• It can model what we do in real life in a way that’s illuminating even if you wouldn’t actually “do this” (ex. modeling real life linear functions in a variety of ways)
  • This is how people actually use math in their jobs (ex. exhibition)

3) The Geometry teachers will have my head if I don’t teach you this (ex. solving one-variable equations with lots of steps).

I plan to discuss these categories with students and then share with them what math we’re doing and why. I think owning the purpose will aid student buy-in a lot. I can say things like, “We’re going to model guitar lessons using math. You probably wouldn’t actually do this in real life, but let’s see what you notice because it might make some things clear.”  Or, “This is how social scientists actually use the math we’ve been learning.” Or, “This has absolutely no real life applications except problem solving is good for your brains and this is cool.” Or, “Yup, we’re going to learn a content skill right now and practice it. It’s going to get algorithmic for a minute, but here’s why this thing is so important to have down, and I promise I’ll only do this to you occasionally.”


Same Problem, Multiple Days

Some of the best days in my classroom this year were the first days of students grappling with a good (low threshold, high ceiling, high cognitive demand, content-illuminating) problem. Students were engaged, discussing, modeling, struggling, defending their thinking, etc.

Many of these problems require multiple days. By the end of the first day, students may have “gotten” parts of the problem, may have even generalized, but they weren’t (according to me) done. Many students though, despite high interest/engagement on the first day, demonstrated much less interest in returning to the same prompt.

The great thing about these good problems is how much you can do with them! So how do I teach/motivate students to sustain their interest over multiple days with the same prompt? Will discussing the value of sticking with the same problem (the why we do this) and a class norm of “you’re not done until you’ve used at least two methods and two (three?) representations” do the trick?


Making Choice Real

As I’ve read some fun books about making the tasks we do in school more authentic/genuine/engaging, one common theme is student choice. Image

But …

How do we make choice consistently meaningful? There are a few projects I do already where choice is (fairly) meaningful. When we study data for our Exhibition, students get to choose one of the variables they are investigating (and their choices range from % of population in prison, to MCAS scores, to physicians/1000 people). That choice seems meaningful. Often I allow students to choose a method for solving; that also seems meaningful.

But when I imagine students working on the everyday tasks next year, I struggle to imagine how choice could work. Here are my concerns.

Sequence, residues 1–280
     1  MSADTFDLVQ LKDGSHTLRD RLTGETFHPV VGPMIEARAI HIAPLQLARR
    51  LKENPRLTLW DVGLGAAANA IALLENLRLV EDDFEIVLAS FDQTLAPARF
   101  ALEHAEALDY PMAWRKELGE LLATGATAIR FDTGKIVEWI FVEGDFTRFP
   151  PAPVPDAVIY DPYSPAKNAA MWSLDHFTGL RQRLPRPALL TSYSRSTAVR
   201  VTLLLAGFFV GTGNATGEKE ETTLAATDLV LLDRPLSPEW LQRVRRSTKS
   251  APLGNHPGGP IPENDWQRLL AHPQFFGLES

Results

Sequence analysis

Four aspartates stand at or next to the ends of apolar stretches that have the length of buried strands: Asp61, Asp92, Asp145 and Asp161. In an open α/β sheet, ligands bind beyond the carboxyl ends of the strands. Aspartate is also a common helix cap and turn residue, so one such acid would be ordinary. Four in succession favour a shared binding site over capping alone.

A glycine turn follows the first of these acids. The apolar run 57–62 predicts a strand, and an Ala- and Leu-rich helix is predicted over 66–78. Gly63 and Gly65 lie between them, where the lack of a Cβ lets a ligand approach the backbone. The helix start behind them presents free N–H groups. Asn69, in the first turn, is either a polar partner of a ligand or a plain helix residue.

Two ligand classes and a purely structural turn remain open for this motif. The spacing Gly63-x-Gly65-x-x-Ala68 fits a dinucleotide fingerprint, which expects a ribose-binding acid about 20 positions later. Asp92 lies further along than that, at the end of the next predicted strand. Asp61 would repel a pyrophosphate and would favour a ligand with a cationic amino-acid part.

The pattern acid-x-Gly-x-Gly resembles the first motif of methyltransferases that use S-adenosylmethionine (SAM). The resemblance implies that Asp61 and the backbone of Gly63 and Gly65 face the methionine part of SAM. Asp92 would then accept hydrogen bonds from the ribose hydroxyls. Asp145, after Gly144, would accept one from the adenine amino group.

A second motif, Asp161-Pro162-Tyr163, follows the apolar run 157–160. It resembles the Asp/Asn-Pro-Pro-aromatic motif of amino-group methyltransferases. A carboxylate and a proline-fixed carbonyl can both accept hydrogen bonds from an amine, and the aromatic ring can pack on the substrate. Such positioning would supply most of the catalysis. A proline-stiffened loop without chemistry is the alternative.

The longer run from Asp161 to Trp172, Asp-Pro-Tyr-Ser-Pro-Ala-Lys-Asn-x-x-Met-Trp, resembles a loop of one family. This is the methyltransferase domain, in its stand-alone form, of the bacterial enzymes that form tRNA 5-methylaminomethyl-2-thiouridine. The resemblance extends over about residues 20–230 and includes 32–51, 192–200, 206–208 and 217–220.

First, I’m banking heavily on students completing tasks in different ways and teaching each other those ways in order to meet a myriad of Algebra standards. How will students compare methods if everyone is doing different problems? Perhaps it’d be fine if a critical mass of students were doing each problem and then together had to come up with a variety of methods.

Second, how in the world do we make the choice meaningful? Say I do put out 4 different word problems — what’s the process for having students read all the problems and having them choose the one that would be most interesting/accessible for them?

Literally as I’m writing this, I’m thinking to myself, well, it seems I do have a plan …

1) Offer choice in topic when it makes sense (i.e. Exhibition).

2) Choice in method is a fundamental value and so will (almost?) always be assumed.

3) Choice in task is perhaps most meaningful for me when there are few enough choices that student-to-student teaching can happen and when the choices are quickly processed by students (so more visual or topical than verbal).

“Students don’t know things!”

In conversations with anyone from members of the math department to random strangers in coffee shops (all of whom have opinions about teaching) to family members, people often bemoan to me the idea that, “students these days don’t know things.” The complainant will often follow this statement with a list of content that students don’t know – how to simplify radicals, where India is, how to identify a complete sentence, etc.

And you know what, it’s sometimes true. Some students don’t know how to simplify radicals* (unless they learned in middle school). But I am only worried by what students “don’t know” when I am trying to teach them to solve a specific type of problem in a historically-identified efficient way. When I give students a rich, low-threshold, high-ceiling task (which by design means there are multiple ways to enter the problem and that students can take their thinking far), I get to see what students know. They can enter the problem and move through the more challenging questions at their own pace/using their own method. They can compare their method with others, argue about and defend an answer, and find another way to answer the same question.

Basically, the problem isn’t about students not knowing things, it’s about me not asking the right questions often enough. And accessing prior knowledge doesn’t (have to) mean trying to remember the CMP book that teaches the topic you’re about to address or writing a contrived word problem about food to relate something to students’ lives. Accessing prior knowledge can mean offering up a really good question** and letting students pursue it any way that makes sense to them (and they will!). When I allow students to do that, I get to experience all the things students know. Then, I can work on connecting all those ways and building up students’ problem-solving toolboxes.


p.s. I painted a slightly idealized picture of low-threshold, high-ceiling tasks. But it’s mostly accurate.

* And who the hell cares?
**Eventually, hopefully, I’ll figure out how to tap into students’ questions.